Chipotle Mexican Grill's (CMG -0.47%) high stock price may send mixed signals to investors. While the high price is a sign of success, it has also put it on stock split watch as small investors hope that the shares become more affordable.
Nonetheless, a nominal stock price actually holds much less meaning for a stock than growth, earnings, and other metrics. Investors should focus on three factors that took Chipotle stock higher before, and will likely do so in the future.
1. Its role in pioneering healthy fast food
From the beginning, Chipotle has stood out among fast food restaurants for its health-oriented food sourcing practices. It does not serve food with artificial colors, flavors, or preservatives. It also forbids the use of can openers and freezers, and has committed to responsibly raised meat with no added hormones.
A USDA study found that in the U.S., organic farming was one of the fastest-growing segments in agriculture. So it stands to reason that Chipotle's approach would appeal to consumers. Moreover, amid food inflation, Chipotle has demonstrated its pricing power as rising prices have not deterred sales.
Additionally, other companies have copied this model outside of the Mexican food category. Canada-based Freshii focuses on salads and wraps, while Tokyo Joe's seeks to emulate this concept in the Japanese food realm. Still, neither of these companies has gone public or grown to the size of Chipotle.
2. Chipotle's expansion potential
Also, with more than 3,000 restaurants, Chipotle's expansion prospects have gained significant attention. It operates in 48 U.S. states and Washington, D.C. Since nearly 99% of its locations are in the U.S., this has led to questions about its expansion.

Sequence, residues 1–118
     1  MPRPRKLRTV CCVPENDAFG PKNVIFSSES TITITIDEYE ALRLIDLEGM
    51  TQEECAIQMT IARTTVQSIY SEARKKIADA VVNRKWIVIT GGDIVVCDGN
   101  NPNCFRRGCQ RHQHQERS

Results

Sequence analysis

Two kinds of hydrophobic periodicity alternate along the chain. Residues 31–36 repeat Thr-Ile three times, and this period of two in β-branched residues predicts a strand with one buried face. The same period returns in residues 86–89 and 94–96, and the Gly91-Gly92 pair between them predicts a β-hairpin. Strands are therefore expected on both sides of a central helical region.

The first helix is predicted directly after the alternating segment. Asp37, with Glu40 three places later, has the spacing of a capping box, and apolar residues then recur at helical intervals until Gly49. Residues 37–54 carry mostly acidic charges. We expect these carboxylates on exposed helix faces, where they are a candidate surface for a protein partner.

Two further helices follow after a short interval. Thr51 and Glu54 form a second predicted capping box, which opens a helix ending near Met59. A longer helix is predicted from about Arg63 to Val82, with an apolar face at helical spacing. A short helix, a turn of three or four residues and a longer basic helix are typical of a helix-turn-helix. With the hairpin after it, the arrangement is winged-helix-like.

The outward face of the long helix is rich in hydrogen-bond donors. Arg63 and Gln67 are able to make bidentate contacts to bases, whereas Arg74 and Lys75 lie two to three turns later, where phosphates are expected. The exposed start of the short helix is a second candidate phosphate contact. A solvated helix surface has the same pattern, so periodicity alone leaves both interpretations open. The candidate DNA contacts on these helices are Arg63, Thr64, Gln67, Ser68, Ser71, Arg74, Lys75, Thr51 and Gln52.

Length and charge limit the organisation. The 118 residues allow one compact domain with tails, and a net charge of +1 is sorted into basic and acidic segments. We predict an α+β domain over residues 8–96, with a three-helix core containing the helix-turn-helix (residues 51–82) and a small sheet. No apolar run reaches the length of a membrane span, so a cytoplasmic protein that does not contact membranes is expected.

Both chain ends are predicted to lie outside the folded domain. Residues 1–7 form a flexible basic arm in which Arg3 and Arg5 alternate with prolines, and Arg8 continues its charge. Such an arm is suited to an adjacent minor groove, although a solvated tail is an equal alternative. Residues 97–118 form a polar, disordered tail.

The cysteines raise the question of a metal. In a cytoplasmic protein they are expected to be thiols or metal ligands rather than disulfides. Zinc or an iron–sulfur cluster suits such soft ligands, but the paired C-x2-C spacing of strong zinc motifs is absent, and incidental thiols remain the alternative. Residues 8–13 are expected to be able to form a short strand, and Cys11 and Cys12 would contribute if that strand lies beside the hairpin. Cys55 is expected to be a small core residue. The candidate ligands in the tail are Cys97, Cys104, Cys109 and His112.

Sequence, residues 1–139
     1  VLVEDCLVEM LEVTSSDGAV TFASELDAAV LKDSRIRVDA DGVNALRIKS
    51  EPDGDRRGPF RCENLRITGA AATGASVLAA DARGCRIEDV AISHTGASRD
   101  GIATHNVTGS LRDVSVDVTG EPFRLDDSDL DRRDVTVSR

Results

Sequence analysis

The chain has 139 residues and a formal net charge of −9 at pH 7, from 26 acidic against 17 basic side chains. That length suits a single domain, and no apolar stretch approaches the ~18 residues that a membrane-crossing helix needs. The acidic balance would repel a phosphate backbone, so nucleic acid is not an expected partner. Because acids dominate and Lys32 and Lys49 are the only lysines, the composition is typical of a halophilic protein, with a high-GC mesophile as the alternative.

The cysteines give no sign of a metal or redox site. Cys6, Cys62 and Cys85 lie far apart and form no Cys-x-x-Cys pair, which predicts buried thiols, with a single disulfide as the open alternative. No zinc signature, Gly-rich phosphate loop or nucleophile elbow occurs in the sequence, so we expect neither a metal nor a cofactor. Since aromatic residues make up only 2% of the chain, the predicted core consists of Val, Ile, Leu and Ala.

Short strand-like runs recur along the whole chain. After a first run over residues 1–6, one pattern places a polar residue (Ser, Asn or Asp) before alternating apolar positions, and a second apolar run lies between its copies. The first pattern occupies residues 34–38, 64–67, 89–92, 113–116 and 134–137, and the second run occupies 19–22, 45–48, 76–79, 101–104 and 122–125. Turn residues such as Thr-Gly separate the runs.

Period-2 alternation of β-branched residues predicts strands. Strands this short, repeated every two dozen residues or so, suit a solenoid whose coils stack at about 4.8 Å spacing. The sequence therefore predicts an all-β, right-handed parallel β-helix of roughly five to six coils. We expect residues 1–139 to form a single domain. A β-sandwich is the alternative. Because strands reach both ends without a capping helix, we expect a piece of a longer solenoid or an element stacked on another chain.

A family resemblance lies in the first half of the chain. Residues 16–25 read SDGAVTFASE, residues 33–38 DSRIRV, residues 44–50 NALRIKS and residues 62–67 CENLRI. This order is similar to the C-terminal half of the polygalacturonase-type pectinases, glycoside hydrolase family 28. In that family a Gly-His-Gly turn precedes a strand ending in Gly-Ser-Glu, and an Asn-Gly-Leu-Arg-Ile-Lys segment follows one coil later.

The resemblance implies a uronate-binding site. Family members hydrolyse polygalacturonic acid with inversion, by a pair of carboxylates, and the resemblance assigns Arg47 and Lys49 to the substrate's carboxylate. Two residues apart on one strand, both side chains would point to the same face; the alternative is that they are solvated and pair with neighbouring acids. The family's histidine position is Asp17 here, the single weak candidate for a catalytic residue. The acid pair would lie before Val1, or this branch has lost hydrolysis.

Nonetheless, CEO Brian Niccol stated on a recent earnings call that the company could operate 7,000 locations in North America. Chipotle has noted success in "small-town" locations, which adds to its addressable market. The company expects to open between 235 and 250 restaurants in 2022 (including 10-15 relocations), so it continues to expand steadily.
Moreover, North America includes Canada. Since Canada only has 28 Chipotle restaurants, the expansion potential is significant. It has also opened 12 U.K. locations and a small number of takeout-only restaurants in France and Germany. If its concept succeeds with other cultures, the expansions will probably continue for a long time to come.
3. Continuing revenue and earnings growth
But no matter what it plans on the expansion front, few can question Chipotle's growth amid challenging conditions. Its digital ordering system became popular during the pandemic and now accounts for 39% of all food and beverage sales. And even as stores have reopened, Chipotle's pricing power has helped the company fight inflation.
For the first six months of 2022, its $4.2 billion in revenue rose 16% compared with the same timeframe in 2021. Chipotle was able to limit expense growth below the increase in revenue, allowing net income to grow 33% over this period to $418 million.
Analysts predict it can maintain the 16% revenue growth rate for the year. This may help explain why its 12-month stock performance closely matches the S&P 500's.
However, it has built a long track record of success, a factor that may explain its lofty price-to-earnings (P/E) ratio of 62. This comes in well above those of other restaurant stocks, such as McDonald's at 31 times earnings, but investors should also remember that Chipotle has rarely sold for less than 50 times earnings over the last five years. Hence, it might not be as expensive as it might appear.
Consider Chipotle stock
Admittedly, many investors probably want Chipotle to split its stock. But even if it never splits, Chipotle's healthy fast food concept is clearly a winner with consumers. As long as it can continue adding restaurants and capitalizing on its pricing power, Chipotle stock can continue rising, even with a high P/E ratio.